If desired, the side walls 1 of the booth can be made of glass or other transparent material and access doors 22, FIG. 4, can be located at any desired positions along the side walls 1.
If the booth is of the kind in which operators work only on one side of the path of the articles through the booth one wall of the booth will be closely adjacent to the tubes 4 and only one duct 9 will be provided.
The tubes 4 have been shown and described as being in line lengthwise of the booth but if desired some of the tubes may be offset from the line.
The vanes 11 are mounted on removable frames, not shown, which rest in the tubes 4 and which can be easily lifted from the tubes for ease of cleaning. By disposing the ducts 9 beneath the guide plate 3 they are located within the confines of the booth and so reduce to a minimum the floor space required for the booth and permit the booth to be provided with access doors 22 at any position along the length of the booth, as mentioned above. Further, the herein described apparatus for washing the air enables a reduced water flow quantity to be used thereby reducing the size of the pumping and watercleansing equipment.
1. Apparatus for removing paint from air in a paint spraying booth comprising a water-circulating system, upright walls providing a work chamber, a grille floor, a guide plate below said floor providing a water-washed subfloor extending lengthwise of and across the booth, a water trough having bottom and side walls extending lengthwise of the booth, upright side walls extending along the length of the water trough on opposite sides thereof, a plurality of upright tubes extending downwardly from the subfloor and between said upright side walls, said trough having a width substantially greater than the diameters of said tubes, means causing water from said circulating system to flow by gravity across the guide plate directly into the upper ends of said tubes and downwardly over the internal surface of the tube into the portion of said water trough located directly below said tubes, exhaust means for causing the paint-laden air from said work chamber to flow through said grille floor downwardly through said tube toward said trough and to be deflected upwardly by the Water in said trough, means comprising air-directing vanes mounted in said tube for creating a gyratory turbulence in said tube to form small droplets of water so as to cause the paint entrained in the air to adhere to said droplets and be deposited on the water flowing through said tube and over said vanes and on the body of water in said trough.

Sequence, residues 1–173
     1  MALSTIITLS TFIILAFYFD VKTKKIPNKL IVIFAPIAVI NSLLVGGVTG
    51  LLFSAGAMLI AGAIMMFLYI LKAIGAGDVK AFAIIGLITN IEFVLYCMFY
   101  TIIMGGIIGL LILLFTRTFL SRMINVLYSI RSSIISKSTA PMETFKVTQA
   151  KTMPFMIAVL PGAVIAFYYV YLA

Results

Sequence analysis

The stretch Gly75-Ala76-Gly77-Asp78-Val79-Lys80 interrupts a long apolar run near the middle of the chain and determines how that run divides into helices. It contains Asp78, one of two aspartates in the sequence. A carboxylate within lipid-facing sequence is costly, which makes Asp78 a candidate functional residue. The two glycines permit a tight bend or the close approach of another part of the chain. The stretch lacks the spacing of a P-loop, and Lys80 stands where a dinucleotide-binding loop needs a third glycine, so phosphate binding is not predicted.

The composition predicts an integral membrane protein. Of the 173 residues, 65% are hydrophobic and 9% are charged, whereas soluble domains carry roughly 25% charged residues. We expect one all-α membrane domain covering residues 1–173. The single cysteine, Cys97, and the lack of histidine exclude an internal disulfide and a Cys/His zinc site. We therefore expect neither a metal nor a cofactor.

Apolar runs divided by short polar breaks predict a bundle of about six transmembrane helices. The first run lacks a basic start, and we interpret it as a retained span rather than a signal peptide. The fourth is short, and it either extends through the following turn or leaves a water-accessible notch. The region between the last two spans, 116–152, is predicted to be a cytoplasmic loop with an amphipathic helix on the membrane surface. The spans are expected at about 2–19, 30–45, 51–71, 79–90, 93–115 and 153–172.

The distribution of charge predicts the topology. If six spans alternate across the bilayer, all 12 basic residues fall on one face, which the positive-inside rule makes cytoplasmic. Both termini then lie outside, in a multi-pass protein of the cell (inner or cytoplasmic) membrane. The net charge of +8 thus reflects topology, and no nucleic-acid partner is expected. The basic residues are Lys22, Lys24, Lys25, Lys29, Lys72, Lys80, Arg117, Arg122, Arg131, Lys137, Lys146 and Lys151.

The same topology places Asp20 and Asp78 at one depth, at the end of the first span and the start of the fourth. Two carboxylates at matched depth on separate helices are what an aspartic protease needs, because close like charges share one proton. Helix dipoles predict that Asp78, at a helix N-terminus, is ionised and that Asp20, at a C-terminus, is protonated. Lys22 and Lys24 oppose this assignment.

2. Apparatus as defined in claim 1 wherein the watercirculating system includes a pipe located above the guide plate and provided with perforations through which water issues to flow over the guide plate, and a bafile member partly surrounding the pipe and arranged to guide water issuing from the pipe around and over the top of the pipe for delivery onto the guide plate in the general direction in which it is to flow over the guide plate to the tube or tubes.
3. Apparatus as defined in claim 1 wherein the guide plate is composed of a plurality of substantially horizontal plate-forming elements disposed in edgewi-se overlapping relation.
4. Apparatus as defined in claim 1 wherein each tube is axially elongated and has a series of circumferentially spaced spiral vanes mounted therein located to receive water flowing through the tube.
5. Apparatus as defined in claim 4 wherein said trough has a Width several times the diameter of each tube and said upright side walls are spaced from the tubes to reverse the direction of flow of the air flowing out of said tubes, said tubes and said trough being located generally central of the width of said guide plate.
6. Apparatus as defined in claim 1 wherein said upright tubes are supported in a row above the bottom of said trough, exhaust ducts are located on opposite sides of said trough and extend lengthwise of the booth to remove air discharged from said tubes, and said upright side walls are provided on opposite sides of said trough to direct the air upwardly at the exterior of the tubes and cause the air to enter said ducts near the upper end of said tubes.
References Cited UNITED STATES PATENTS Frey 55238 Peters 55456 X Schneible 55-442 X Fisher 55241 X Harker et a1 55-241 X Watson 55248 X Paasche 55-444 X Mead 98--115 Najarian 261112 Gallagher 2611 12 X Paasche 55-257 X Larsson et a1 261112 X 6 3,168,030 2/1965 Wilhelmsson et a1. 261-112 X 3,168,031 2/ 1965 Wilhelmsson et 211.
3,170,384 2/1965 Krantz et a1. 261112 X 3,182,977 5/1965 Erni 261112 FOREIGN PATENTS 626,832 5/1927 France. 1,192,088 4/ 1959 France.
OTHER REFERENCES German printed application No. 1,157,977, printed November 1963, Schilde, B.
German printed application No. 1,009,635, printed June 1957, Steinmuller.
HARRY B. THORNTON, Primary Examiner.
DENNIS E. TALBERT, 111., Assistant Examiner.
U.S. Cl. X.R.
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|U.S. Classification||96/276, 96/314, 55/442, 261/24, 454/54, 96/358, 261/112.1, 261/5, 55/DIG.460, 261/79.2|
|International Classification||B01D29/11, B05B15/12|
|Cooperative Classification||B01D29/11, B05B15/1262, Y10S55/46, B05B15/1281|
|European Classification||B05B15/12F7G, B01D29/11, B05B15/12F7|